At this point in time, says Weilbacher, environmental knowledge—knowledge of relationships—is drastically lagging:

Even though there are more centers for environmental education and more college degree programs in environment-related fields than ever, and even though building green schools has suddenly emerged as an important idea (pre-economic meltdown), we are perhaps even farther from environmental literacy than we were in 1969.

Fortunately, there are bright spots as well—programs and schools that are working to connect students with nature. He cites the No Child Left Inside movement; green charter schools; update: Green Schools National Network; watershed education curricula; and forest kindergartens, where children spend the entire day outdoors.

Weilbacher also offers a list of 10 things every student should know about the environment. He does not start with the drastic environmental news, like I did here; he believes kids need to first learn how resilient, lively, and creative nature is. I think he’s right.

I invite you to peruse his list with the idea of relationships in mind. It strikes me that every one of these points has to do with the interconnected, interrelated web of relationships in which we are immersed.

What Every Student Should Know About the Environment

There are scores of possible models of environmental education programs, and most have many of the following large concepts in common. As students go from kindergarten through high school, they can work their way down the list.

  1. Earth overflows with life. One of science’s biggest mysteries is how many species share this planet— estimates range from 5 million to 100 million species. Many environmental education programs begin with the premise that life is vanishing; young learners should first know that Earth teems with a huge number of creatures.
  2. Each creature is uniquely adapted to its environment. Every species evolved to possess a unique set of adaptations that enables it to survive and thrive in its ecosystem. Students should be on a first-name basis with many local creatures.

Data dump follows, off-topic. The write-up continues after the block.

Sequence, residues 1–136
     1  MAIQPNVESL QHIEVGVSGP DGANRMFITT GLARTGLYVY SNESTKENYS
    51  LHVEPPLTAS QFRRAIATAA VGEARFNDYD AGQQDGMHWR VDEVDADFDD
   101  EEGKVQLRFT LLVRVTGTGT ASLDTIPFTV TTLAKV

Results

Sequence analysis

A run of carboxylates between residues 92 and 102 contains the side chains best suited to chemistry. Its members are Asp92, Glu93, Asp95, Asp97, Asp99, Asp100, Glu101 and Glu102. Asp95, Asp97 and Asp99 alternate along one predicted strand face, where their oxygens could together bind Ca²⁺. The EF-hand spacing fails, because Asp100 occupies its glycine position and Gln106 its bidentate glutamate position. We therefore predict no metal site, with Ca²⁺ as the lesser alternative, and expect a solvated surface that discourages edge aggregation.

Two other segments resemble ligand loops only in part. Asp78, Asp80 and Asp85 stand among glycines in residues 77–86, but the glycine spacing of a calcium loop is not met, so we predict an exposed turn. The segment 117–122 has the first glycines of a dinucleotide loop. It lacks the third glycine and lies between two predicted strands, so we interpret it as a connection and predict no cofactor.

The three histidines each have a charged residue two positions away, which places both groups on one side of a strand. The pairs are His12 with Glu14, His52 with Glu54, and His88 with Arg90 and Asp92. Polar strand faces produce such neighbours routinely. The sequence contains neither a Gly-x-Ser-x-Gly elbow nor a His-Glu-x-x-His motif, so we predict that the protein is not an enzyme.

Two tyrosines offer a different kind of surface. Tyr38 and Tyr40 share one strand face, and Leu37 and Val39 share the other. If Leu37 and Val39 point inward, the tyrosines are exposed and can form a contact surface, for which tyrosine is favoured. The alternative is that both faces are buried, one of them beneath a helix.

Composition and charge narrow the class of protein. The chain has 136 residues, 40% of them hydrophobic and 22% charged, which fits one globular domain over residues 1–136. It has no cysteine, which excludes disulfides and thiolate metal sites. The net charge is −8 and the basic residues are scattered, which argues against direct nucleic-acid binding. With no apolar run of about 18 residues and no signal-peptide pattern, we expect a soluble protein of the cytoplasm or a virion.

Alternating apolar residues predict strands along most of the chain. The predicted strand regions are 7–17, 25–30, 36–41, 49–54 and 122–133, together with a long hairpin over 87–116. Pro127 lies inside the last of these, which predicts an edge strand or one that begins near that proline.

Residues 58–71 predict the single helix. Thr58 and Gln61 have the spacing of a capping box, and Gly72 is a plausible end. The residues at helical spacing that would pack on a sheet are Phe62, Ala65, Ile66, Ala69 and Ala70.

3. The web of life is interdependent. Organisms evolve complex relationships, each depending on numerous other species for their survival.
  4. Materials flow through ecosystems in cycles. All creatures need water, air, and nutrients to survive. These materials cycle and recycle through ecosystems. The water we drink today is the same water we’ve always had, and always will.
  5. The sun is the ultimate source of energy flowing through ecosystems. Food grows from sunlight energy; our houses are heated by fossil fuels created many millennia ago from ancient sunlight.
  6. There is no waste in nature; everything is recycled. In nature, every waste product is used by other creatures. Humans have bent those circles into straight lines, where things are used once and tossed.
  7. We consume resources to live. Every student should know where the trash truck takes the trash, where water comes from, and how the nearest power plant makes electricity.
  8. Conservation is the wise use of finite resources. We are physical creatures with real needs—to eat, drink, build houses, write on paper. But how do we use these resources sustainably?
  9. Humans can have a profound effect on environmental systems. Fossil fuels pump carbon dioxide into the sky; habitat loss is causing the extinction of large numbers of species. Our actions profoundly affect the ecological systems that sustain living things—and us. Nature can often repair these systems (forests grow back, for example); but humans are changing systems faster than nature can adapt.
  10. Each of us can powerfully affect the fate of the natural world. Because each of us is directly plugged into the planet, the actions we take—or fail to take—profoundly influence earth’s systems.

For more information:


5 Responses to What every student should know about the environment

  1. Elizabeth Enslin says:August 20, 2009 at 1:18 pm